Thanks, Edmond and all you posters. I got a few laughs. When I hit my 40s, I went on a collectibles craze, going to flea markets and antique shops buying oodles of dolls and toys. I was living the dream I had when I was 7 years old -- having the money I needed to buy myself all the toys that I wanted. Then I hit my 60s and started to wonder what I was going to do with all the junk I had accumulated. I worried that my nephew and niece would just trash this expensive stuff when I died. Now I am considering ebay and other options to retrieve the money I spent during my own mid-life crisis. I no longer lurk around flea markets and antique shops; if I want to find collectibles, I stroll around in my house, or just go through a drawer or closet.

Hal_9001
Hal_9001

I have reached my midlife crisis but in the words of Bono ... I still haven't found, what I'm looking for.

JustinF
JustinF

4 months into my 40s I bought my first motorbike & am learning to ride. I also bought all the Harry Potter DVDs to watch with my kids, a new guitar & built a media centre. No skinny jeans or toupees though :)

HAL 9000
HAL 9000

Having enough money to buy what you want. unlike when you where younger and just starting out and where too poor to afford anything once you put down whatever money you could scrimp & save on your house. Looks like I'll have a long wait to have a [b]Mid Life Crisis[/b] and it's more likely to be a [b]End of Life Crisis[/b] as I'm way too poor to even buy what i need let alone what i want. It's nearly killing me keeping [b]SWMBO[/b] living in the style that she wants to. ;) Col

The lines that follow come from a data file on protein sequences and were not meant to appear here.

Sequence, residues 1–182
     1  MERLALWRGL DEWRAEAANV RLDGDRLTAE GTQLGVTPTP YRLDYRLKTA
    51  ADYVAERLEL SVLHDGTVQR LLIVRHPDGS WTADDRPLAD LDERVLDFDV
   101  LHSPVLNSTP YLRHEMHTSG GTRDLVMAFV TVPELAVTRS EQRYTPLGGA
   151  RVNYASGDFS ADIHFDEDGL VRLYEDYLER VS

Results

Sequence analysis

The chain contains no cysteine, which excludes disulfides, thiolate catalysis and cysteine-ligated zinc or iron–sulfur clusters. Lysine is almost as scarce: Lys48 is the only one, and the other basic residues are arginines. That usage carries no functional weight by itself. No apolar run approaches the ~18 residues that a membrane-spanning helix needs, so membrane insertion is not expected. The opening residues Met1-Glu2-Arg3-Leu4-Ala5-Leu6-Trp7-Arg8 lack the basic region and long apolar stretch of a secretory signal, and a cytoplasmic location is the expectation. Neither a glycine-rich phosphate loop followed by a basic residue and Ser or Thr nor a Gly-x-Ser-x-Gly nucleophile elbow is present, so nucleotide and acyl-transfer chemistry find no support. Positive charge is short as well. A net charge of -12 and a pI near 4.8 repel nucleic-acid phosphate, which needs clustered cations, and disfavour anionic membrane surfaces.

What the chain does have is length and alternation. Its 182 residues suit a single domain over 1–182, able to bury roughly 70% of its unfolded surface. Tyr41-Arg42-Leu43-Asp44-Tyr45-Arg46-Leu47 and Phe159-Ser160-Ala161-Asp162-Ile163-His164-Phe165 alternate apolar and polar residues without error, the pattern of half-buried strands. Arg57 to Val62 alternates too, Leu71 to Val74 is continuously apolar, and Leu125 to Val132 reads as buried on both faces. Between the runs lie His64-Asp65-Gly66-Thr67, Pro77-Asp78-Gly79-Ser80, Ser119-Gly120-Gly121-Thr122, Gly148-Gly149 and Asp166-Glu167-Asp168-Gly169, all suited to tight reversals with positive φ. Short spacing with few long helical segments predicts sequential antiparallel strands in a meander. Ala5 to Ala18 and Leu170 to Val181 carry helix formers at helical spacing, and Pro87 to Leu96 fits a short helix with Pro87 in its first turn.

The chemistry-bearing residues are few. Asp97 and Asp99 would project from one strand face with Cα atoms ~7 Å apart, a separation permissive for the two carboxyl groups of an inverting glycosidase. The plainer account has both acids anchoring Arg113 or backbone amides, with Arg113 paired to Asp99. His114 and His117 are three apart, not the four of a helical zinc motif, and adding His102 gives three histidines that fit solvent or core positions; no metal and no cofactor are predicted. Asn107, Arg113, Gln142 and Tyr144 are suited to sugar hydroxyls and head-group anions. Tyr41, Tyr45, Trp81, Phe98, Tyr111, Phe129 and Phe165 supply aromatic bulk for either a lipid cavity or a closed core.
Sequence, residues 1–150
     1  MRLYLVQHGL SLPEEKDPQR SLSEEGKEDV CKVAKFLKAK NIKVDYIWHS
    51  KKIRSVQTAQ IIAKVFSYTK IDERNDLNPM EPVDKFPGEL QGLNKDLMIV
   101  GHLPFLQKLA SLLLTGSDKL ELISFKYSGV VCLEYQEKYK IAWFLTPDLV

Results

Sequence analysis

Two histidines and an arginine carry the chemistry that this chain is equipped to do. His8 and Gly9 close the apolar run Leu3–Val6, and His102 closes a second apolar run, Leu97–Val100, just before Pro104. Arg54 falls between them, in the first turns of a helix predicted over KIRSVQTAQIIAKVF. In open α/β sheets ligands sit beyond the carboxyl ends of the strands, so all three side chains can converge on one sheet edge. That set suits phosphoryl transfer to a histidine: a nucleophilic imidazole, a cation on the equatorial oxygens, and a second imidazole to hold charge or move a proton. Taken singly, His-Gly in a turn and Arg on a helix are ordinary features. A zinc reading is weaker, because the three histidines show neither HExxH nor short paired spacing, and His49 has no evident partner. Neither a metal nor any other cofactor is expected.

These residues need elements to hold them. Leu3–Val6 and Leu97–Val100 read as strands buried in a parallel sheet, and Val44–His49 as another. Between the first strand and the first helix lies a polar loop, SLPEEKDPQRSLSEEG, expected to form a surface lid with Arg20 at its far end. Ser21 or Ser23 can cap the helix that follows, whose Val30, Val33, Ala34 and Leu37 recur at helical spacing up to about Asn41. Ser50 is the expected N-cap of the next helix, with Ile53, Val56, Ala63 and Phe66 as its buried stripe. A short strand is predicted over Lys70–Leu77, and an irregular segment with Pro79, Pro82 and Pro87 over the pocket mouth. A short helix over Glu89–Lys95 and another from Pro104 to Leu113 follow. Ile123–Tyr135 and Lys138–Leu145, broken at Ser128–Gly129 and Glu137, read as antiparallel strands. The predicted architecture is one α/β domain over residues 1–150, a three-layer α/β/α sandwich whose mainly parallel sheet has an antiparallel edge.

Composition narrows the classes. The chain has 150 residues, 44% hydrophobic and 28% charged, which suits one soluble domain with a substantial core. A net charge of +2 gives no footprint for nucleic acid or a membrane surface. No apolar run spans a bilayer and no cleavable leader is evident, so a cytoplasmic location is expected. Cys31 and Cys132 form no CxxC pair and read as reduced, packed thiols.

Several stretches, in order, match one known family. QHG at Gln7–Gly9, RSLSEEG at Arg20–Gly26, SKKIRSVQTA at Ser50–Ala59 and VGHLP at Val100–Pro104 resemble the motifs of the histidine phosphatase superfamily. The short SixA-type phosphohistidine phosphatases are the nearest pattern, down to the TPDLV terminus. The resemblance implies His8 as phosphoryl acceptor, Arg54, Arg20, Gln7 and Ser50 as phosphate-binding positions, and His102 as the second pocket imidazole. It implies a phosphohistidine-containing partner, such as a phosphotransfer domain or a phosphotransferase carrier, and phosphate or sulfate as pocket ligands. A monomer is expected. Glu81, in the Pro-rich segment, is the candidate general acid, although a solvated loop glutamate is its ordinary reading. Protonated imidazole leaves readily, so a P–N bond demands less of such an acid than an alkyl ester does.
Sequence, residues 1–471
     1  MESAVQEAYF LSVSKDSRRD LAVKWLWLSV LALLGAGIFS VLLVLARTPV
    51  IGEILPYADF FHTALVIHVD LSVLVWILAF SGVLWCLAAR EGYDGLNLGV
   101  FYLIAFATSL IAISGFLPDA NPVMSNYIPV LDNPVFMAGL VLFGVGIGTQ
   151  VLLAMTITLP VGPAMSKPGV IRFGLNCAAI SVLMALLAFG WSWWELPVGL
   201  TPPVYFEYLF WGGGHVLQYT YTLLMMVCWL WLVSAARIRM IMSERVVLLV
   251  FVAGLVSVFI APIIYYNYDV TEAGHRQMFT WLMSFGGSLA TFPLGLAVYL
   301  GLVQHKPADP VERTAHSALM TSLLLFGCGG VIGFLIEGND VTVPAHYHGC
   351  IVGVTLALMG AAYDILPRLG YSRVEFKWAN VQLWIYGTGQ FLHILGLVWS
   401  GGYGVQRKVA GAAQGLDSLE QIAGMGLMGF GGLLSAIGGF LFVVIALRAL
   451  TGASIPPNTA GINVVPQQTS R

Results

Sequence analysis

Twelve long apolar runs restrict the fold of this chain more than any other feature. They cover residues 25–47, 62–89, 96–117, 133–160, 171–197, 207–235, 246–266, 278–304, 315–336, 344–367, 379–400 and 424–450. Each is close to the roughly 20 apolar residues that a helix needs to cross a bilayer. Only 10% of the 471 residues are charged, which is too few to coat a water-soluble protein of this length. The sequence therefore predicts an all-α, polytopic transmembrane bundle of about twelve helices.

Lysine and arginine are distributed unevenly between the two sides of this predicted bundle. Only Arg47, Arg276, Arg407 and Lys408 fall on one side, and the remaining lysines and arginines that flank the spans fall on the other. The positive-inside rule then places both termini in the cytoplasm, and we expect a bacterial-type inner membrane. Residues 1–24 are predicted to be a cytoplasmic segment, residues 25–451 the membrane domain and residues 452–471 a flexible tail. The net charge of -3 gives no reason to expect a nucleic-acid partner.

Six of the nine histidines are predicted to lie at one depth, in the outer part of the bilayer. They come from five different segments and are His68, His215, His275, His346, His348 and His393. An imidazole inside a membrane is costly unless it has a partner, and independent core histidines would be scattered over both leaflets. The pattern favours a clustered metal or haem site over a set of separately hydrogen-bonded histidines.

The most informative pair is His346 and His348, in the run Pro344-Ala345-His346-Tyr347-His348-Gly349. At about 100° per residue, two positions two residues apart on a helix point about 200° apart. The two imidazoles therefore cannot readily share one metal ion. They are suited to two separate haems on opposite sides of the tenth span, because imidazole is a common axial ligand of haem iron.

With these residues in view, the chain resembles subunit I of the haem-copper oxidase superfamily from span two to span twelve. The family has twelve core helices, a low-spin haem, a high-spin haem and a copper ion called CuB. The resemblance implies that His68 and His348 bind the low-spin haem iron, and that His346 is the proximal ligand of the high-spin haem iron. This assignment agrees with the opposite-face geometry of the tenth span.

denbo68
denbo68

I ended up buying an oscilloscope and playing around with electronics. Not exactly a Corvette but

Ed Woychowsky
Ed Woychowsky

Should I be looking into that boat, because I can't drive a stick.

jred
jred

Is a great stress reliever. So is wrenching. Buy an old metric for cheap & fix it up. And please, take at least one MSF riding class. I try to take one at least every 5 years, and I've been riding for 30+ years. Helps keep the shiny side up & the rubber side down :)

don.howard
don.howard

I just started riding again having not ridden since college. Got a few years on Justin though. I'm ready for the warm weather now. Oh and for sure, take the MSF course. It can be a life saver.